HANCOCKS: Coming up, the question that stumped South Korea's golden girl.





HANCOCKS: Now, you have a show called "Kiss and Cry" at the moment, which is where celebrities learn how to skate. Sort of a dancing on ice. Now, it is your realm, because it's skating, but you're out of your comfort zone because you're presenting. What made you want to do this?

KIM (through translator): When I was young, many people didn't know what figure skating was. Some who knew of it thought of it as dancing on ice. But, as I entered international competitions and got good results, many people got to know more about it and came to cheer for me.

I decided to host my show "Kiss and Cry" hoping that people actually want to participate and feel more familiar with figure skating. When I see these people enjoying themselves, it's a great joy to me. Although some of them get hurt once in a while, they enjoy it a lot and I hope the show makes the viewers want to give it a try.

HANCOCKS: Now, I understand "Kiss and Cry" refers to the area that you have to sit and wait in while you're waiting for your score when you're competing. How do you feel when you're sitting there waiting for that score to appear?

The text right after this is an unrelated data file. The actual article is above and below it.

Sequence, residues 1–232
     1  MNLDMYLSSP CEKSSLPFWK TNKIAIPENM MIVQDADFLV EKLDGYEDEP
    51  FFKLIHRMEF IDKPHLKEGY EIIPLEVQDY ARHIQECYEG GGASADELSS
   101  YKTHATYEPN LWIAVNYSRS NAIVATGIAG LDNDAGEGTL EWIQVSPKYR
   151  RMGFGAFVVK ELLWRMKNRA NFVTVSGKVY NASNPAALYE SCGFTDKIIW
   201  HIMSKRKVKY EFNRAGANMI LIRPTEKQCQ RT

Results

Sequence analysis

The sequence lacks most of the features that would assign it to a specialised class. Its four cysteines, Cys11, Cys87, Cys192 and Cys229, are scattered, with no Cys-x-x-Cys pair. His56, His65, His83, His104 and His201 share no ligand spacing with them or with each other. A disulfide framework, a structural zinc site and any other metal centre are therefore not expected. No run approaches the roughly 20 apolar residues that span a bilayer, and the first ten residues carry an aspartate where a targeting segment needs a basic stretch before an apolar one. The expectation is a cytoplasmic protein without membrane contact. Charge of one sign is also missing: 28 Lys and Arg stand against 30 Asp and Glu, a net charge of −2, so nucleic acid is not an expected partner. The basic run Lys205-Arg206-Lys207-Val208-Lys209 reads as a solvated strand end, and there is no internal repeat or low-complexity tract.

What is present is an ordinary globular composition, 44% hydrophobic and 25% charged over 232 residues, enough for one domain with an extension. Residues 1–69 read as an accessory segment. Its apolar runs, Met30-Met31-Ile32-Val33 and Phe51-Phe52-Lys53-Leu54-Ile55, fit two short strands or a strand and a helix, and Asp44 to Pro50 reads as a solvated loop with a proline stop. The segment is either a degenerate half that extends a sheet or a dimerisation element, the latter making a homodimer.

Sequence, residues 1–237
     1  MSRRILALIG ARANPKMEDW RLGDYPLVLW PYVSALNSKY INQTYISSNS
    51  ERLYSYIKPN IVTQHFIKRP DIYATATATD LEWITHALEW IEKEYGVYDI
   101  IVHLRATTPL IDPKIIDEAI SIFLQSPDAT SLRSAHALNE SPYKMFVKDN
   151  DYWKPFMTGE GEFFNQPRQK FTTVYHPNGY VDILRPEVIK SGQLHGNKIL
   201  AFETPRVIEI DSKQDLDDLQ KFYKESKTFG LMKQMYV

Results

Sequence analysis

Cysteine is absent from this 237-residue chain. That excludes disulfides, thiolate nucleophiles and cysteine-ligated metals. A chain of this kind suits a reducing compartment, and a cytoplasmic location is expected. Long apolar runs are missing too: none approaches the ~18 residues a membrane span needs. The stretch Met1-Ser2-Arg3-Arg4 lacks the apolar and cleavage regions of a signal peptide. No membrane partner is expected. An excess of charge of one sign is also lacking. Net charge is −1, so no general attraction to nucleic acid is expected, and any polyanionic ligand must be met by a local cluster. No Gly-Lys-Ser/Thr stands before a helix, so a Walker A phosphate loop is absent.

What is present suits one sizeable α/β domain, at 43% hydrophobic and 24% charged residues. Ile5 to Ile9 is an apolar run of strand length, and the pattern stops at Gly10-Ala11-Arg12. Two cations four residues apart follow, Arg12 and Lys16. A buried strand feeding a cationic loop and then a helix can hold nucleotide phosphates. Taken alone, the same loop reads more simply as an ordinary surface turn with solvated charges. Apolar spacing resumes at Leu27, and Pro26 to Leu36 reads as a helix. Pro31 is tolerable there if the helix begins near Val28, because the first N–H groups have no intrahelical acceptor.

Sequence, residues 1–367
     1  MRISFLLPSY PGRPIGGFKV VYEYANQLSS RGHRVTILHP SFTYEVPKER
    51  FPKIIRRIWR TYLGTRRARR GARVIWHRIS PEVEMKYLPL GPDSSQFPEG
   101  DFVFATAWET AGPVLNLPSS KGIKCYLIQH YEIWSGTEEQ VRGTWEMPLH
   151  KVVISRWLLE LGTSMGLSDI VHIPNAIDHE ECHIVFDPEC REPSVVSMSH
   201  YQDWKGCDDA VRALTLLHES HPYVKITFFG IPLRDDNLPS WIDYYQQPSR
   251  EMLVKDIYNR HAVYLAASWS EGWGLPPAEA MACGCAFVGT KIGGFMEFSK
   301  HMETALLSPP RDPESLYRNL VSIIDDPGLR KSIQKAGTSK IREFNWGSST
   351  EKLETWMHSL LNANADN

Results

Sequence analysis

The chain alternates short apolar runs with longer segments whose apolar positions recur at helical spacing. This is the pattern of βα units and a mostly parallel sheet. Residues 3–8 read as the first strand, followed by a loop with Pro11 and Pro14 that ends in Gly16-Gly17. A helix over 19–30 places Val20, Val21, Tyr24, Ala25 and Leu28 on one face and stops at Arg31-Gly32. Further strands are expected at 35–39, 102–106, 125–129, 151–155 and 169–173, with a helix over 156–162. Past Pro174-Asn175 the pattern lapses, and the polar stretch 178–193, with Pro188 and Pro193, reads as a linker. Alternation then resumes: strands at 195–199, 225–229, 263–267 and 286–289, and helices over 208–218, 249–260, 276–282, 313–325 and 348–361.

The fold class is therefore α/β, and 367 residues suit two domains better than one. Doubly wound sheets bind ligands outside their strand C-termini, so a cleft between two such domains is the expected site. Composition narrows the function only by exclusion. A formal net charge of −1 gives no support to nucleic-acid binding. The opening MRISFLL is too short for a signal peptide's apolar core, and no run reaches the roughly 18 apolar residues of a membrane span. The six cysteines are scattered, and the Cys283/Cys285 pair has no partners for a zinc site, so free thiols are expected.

KIM (through translator): In some ways, it's more nerve wracking than the actual performance. No matter how well I perform, it's something I can't predict and, when the actual score comes out, there are moments when I want to get out of there, or when I'm really happy. It's a moment of many emotions for all athletes. Because, it's when everything unfolds. It is the most important, most anticipated, and sometimes most dreadful time. With as much significance as the actual performance.

HANCOCKS: Now, you're also well known for singing.



HANCOCKS: When you retire from skating, is this going to be your next project?

KIM (through translator): Never. I sang a few times, but I don't have any intention of becoming a singer. I mean, situations keep coming up where I need to sing, but honestly I only want to figure skate.

HANCOCKS: Now, you wrote an autobiography at the tender age of 20. Do you ever allow yourself to just sit back, look at what you've accomplished, and pat yourself on the back?

KIM (through translator): Even though I'm only 20, I've experienced and lost many things in that short time. It's usually the hard times that linger in my memory the longest because I've experienced that much more than a brief moment of glory. In the end, I've gradually achieved what I wanted. There were some tough times, but with one step at a time, I didn't have any big slumps.